The Sisters in Crime Publishers Summit team members Roberta Isleib, JudyClemens, Jim Huang, and Nancy Martin visited publishing professionals in NewYork on May 14 and 15. The report on the publishing summit will run all week. Your comments and discussion are encouraged. The summit team is available to field your questions.
Sisters in Crime Publishers Summit 2008, Part III
By Jim Huang
Barnes & Noble’s offices are at the corner of 5th Avenue and 18th Street, a location that’s full of nostalgia for me: it’s the location of the original B&N store that my family and I shopped in when I was growing up in New York and New Jersey, back when B&N was just an incredibly wonderful independent before transforming into the force it is today.
I was really looking forward to our visit, not just out of nostalgia, but for the opportunity to learn more about B&N, which accounts for about $5 billion in annual sales (in stores and on the web). We hear so much rumor and speculation about chain booksellers; we were grateful that mystery buyer Dan Mayer agreed to meet with us.
We told Dan about the message that we’d been hearing: thrillers are hot, mysteries are not. Dan introduced himself as a lover of mysteries, and more or less right away we got a very different, much more upbeat take on the mystery genre.
While not disagreeing that thrillers are hot, Dan said that cozies are not a hard sell for him, adding that agents and editors need to see the sales reports that he’s seeing. He agrees with everyone else we met that paranormal is huge right now, and said that historicals are also big. Craft cozies are still selling.
He believes that the genre will continue to grow before it shrinks, noting that readers are getting older, retiring and having more time to read and have fun. Minneapolis is his biggest market for mysteries, which are also strong in Naples, Florida, Texas and California. He does not believe that most writers sell only regionally. He wishes there were more mysteries for younger readers, saying that the demand is there.
Dan is committed to series, saying that it’s crucial to keep all the books in a series in print. If the continuity is broken, it’s hard to keep the series alive. He said that it’s especially hard to keep a series going if the author jumps houses. He is invested in keeping authors in print, and tries to carry a whole series, not just parts of it – which is difficult when there are two houses involved. He also noted that it takes a long time for an author to make it big, so the backlist needs to stay available.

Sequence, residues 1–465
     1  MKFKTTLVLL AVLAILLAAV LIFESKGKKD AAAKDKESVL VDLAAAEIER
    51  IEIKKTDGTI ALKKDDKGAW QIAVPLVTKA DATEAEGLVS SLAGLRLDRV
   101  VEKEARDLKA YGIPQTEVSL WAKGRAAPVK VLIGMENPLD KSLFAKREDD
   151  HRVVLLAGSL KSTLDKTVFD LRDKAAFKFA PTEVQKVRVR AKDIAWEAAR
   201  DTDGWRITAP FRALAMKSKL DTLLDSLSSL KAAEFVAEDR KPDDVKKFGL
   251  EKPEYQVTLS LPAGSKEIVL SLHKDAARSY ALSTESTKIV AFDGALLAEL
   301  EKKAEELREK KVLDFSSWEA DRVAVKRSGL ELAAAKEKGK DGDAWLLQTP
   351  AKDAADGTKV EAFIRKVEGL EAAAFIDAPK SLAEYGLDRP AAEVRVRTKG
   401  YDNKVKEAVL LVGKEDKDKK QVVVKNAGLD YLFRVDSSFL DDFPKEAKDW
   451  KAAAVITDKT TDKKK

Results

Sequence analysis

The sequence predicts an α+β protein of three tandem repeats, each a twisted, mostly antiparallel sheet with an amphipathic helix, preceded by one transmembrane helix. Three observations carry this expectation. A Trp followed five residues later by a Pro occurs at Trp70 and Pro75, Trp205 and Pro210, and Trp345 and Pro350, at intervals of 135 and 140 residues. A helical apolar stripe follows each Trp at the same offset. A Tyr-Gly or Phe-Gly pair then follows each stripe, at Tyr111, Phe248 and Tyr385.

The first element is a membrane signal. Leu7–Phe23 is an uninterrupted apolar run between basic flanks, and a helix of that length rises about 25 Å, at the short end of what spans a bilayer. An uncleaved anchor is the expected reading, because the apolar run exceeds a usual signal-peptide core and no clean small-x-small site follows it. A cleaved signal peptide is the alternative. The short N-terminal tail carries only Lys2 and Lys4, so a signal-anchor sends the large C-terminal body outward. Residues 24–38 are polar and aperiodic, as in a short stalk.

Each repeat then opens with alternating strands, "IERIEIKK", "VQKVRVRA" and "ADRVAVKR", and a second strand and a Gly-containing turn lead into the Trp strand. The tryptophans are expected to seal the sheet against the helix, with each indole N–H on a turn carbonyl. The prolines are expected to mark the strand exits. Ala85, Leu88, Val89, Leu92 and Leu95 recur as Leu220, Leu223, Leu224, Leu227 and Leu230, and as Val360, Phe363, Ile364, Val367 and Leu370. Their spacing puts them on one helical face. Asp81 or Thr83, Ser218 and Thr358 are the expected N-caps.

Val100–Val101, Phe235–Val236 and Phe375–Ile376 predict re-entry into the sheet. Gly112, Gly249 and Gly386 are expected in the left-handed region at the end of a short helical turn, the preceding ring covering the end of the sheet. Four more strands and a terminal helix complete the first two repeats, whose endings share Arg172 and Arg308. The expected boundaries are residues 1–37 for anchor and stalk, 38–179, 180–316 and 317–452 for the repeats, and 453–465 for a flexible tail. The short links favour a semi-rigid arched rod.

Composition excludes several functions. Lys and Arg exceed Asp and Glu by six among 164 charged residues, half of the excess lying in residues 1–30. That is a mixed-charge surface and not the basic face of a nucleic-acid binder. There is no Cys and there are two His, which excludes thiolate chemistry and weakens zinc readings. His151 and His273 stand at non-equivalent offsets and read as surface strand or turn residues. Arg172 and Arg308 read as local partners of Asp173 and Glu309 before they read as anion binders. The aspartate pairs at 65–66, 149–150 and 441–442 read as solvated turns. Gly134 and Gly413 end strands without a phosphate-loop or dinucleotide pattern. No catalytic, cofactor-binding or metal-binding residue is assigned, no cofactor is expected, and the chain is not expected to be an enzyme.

He’s disappointed that the publishing world seems to think that a bestseller should be in fiction rather than being categorized in genre. We discussed an example of a writer whose first two books were packaged as thrillers and sold ok. The publisher re-did the packaging when the third book was published, identifying the book as “A XXXX Mystery.” The first and second books were also relabeled as “XXXX Mysteries,” and all three books were moved out of fiction into the mystery section. Sales went up.
The packaging of a book is crucial to him: it’s all in the cover. He’s tired of fuzzy, black and white, shadowy noir covers, saying that these are not original at all. A cover should make it clear what kind of book it is, and it needs to be professional – a problem for some small presses. He can suggest to a publisher that if it changes a cover, he’ll buy more copies, but he said that the perception of B&N’s power is overstated and that publishers often do not listen to him.
Times are hard for hardcovers. Trade paperbacks are doing well. In fact, he would prefer to see a trade paperback follow a hardcover, rather than a mass market paperback reprint, and he also spoken approvingly of the move to repackage select backlist mass market titles into trade paperback editions. He does not like to see titles go from hardcover to trade paperback to mass market, noting that if a title is selling well as a trade paperback, he prefers to keep selling it at that price point. He still thinks that authors can be successfully launched in paperback originals. He added that some format decisions are determined by Wal-Mart, which will dictate how it wants a book published.
He believes there’s a fine line between customers knowing what kind of book they like and originality. He notes that there are a lot of “table shoppers” in Barnes & Noble stores, folks who are browsing tables but not looking at the stacks. (Mass market paperbacks are not displayed on tables, but trade paperbacks are.) He says that mystery customers are voracious, echoing something we heard in more than one office about the loyalty and devotion of genre fans.
Barnes & Noble is often a scapegoat for practically anything that goes wrong in this business; Dan is aware of this and understands it. But over the course of our hour with him, it became clear how unfairly the chain is painted. We were impressed with his own devotion to the genre, and his earnest and thoughtful approach to his job.
After our meeting with Dan Mayer, we returned to the Princeton Club for drinks with Kate Stine and Brian Skupin of Mystery Scene. This was more of a casual get-together, in a setting that does not allow business to be conducted. Kate did offer an especially interesting and useful bit of advice for writers, saying that “sometimes PR is about what you can do for the other guy.” In other words, the author who does favors and makes an effort to stay in touch with people in the business is likely to be remembered and kept in the loop.
Don't miss the wrap-up tomorrow!